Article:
Archaeology is a source of history, not just a bumble auxiliary discipline. Archaeological data are historical documents in their own right, not mere illustrations to written texts, Just as much as any other historian, an archaeologist studies and tries to reconstitute the process that has created the human world in which we live – and us ourselves in so far as we are each creatures of our age and social environment. Archaeological data are all changes in the material world resulting from human action or, more succinctly, the fossilized results of human behavior. The sum total of these constitutes what may be called the archaeological record. This record exhibits certain peculiarities and deficiencies the consequences of which produce a rather superficial contrast between archaeological history and the more familiar kind based upon written records.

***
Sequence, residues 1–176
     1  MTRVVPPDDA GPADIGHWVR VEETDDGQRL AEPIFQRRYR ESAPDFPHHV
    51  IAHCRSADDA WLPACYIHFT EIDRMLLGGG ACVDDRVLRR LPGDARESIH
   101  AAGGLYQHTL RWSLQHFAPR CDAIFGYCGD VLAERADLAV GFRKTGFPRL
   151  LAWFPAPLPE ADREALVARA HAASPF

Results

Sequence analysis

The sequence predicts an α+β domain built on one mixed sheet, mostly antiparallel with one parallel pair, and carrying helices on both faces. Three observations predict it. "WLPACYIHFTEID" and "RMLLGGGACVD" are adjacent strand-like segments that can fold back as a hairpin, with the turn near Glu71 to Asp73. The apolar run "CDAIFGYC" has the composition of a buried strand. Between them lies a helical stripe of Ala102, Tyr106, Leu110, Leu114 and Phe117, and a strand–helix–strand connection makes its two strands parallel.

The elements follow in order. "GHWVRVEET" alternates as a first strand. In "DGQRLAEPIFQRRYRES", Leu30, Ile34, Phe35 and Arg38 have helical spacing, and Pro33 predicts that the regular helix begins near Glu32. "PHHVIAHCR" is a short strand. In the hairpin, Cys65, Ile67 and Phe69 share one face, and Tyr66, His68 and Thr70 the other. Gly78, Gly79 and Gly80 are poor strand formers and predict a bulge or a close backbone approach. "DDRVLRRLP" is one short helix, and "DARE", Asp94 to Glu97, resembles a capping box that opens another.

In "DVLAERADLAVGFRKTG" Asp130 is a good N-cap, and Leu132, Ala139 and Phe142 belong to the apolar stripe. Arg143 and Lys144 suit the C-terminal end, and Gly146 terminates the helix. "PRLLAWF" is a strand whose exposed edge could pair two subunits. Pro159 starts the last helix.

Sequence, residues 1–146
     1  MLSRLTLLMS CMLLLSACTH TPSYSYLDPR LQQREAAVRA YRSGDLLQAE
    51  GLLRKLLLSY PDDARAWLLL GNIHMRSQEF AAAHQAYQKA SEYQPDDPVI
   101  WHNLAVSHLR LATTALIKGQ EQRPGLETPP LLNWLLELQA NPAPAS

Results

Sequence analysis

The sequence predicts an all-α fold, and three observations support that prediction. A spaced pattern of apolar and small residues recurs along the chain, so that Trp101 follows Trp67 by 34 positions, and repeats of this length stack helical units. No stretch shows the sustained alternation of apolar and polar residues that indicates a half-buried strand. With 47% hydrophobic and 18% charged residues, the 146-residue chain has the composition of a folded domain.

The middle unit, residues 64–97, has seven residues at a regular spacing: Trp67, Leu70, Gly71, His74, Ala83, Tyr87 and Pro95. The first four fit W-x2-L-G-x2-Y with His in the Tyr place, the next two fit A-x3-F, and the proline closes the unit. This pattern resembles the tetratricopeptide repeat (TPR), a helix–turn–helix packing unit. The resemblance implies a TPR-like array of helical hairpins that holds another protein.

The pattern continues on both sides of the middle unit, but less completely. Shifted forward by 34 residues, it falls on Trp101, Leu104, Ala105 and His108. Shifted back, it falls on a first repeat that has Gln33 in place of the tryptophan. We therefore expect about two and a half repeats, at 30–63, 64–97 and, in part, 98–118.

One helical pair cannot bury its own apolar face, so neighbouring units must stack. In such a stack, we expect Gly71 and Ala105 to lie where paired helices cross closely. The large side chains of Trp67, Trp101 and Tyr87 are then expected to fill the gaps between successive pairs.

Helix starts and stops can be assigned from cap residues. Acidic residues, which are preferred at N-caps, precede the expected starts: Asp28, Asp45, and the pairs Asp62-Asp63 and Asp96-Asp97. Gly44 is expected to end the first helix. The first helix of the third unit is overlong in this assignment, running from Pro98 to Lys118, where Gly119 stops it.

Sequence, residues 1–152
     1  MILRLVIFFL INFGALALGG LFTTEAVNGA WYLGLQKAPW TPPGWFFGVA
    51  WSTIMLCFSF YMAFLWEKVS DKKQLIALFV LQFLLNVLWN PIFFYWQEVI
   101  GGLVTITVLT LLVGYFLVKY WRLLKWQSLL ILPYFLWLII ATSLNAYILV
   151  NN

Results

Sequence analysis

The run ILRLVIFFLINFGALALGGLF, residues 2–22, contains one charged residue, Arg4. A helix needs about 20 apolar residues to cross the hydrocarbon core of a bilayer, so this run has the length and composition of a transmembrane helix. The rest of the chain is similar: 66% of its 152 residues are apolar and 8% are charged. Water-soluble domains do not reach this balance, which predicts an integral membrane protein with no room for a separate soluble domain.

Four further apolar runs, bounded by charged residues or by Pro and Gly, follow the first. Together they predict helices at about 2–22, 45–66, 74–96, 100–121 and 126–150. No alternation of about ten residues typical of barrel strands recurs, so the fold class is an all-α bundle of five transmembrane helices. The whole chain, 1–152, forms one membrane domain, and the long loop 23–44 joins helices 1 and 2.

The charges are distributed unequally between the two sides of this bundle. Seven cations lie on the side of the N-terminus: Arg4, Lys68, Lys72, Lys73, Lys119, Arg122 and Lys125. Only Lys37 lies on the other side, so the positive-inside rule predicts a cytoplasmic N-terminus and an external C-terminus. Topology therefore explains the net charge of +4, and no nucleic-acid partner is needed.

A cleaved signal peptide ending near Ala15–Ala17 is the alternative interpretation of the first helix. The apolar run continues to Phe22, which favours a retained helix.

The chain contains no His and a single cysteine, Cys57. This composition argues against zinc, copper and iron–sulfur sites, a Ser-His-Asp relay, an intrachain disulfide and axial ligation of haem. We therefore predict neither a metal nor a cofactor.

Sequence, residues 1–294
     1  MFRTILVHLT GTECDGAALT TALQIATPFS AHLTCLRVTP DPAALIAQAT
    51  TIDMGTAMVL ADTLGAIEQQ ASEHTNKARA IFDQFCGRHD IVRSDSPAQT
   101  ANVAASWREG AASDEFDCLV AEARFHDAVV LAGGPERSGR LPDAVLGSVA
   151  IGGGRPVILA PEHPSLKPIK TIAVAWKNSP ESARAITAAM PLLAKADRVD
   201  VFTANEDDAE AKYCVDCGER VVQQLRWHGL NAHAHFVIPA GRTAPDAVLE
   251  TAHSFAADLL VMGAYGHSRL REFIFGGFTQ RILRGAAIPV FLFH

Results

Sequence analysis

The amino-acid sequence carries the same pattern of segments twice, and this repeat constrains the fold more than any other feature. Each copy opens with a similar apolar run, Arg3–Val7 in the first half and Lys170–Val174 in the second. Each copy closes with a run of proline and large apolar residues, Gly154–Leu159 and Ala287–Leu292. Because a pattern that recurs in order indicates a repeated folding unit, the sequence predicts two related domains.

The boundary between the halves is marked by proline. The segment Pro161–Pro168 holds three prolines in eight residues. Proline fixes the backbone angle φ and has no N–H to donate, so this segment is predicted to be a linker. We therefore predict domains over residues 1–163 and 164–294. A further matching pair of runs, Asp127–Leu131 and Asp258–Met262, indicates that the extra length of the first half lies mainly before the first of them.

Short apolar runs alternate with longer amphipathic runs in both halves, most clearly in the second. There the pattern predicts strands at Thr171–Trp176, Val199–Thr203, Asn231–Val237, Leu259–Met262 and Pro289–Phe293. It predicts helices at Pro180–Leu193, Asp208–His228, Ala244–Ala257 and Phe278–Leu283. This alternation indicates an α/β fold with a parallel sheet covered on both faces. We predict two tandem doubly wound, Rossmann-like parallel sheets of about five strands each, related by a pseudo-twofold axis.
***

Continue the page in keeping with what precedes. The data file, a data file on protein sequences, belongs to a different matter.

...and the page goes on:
Not all human behavior fossilizes. The words I utter and you hear as vibrations in the air are certainly human changes in the material world and may be of great historical significance. Yet they leave no sort of trace in the archaeological records unless they are captured by a dictaphone or written down by a clerk. The movement of troops on the battlefield may “change the course of history,” but this is equally ephemeral from the archaeologist’s standpoint. What is perhaps worse, most organic materials are perishable. Everything made of wood, hide, wool, linen, grass, hair, and similar materials will decay and vanish in dust in a few years or centuries, save under very exceptional conditions. In a relatively brief period the archaeological record is reduce to mere scraps of stone, bone, glass, metal, and earthenware. Still modern archaeology, by applying appropriate techniques and comparative methods, aided by a few lucky finds from peat-bogs, deserts, and frozen soils, is able to fill up a good deal of the gap.